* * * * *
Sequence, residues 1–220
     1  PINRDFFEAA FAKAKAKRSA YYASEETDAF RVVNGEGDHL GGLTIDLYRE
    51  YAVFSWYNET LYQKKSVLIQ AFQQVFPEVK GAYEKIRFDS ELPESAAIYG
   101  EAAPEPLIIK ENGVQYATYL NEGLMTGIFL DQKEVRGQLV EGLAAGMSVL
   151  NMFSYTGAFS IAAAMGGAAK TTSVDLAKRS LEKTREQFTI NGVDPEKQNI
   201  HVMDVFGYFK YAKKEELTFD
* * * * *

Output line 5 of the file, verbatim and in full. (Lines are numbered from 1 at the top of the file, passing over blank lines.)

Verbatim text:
   151  NMFSYTGAFS IAAAMGGAAK TTSVDLAKRS LEKTREQFTI NGVDPEKQNI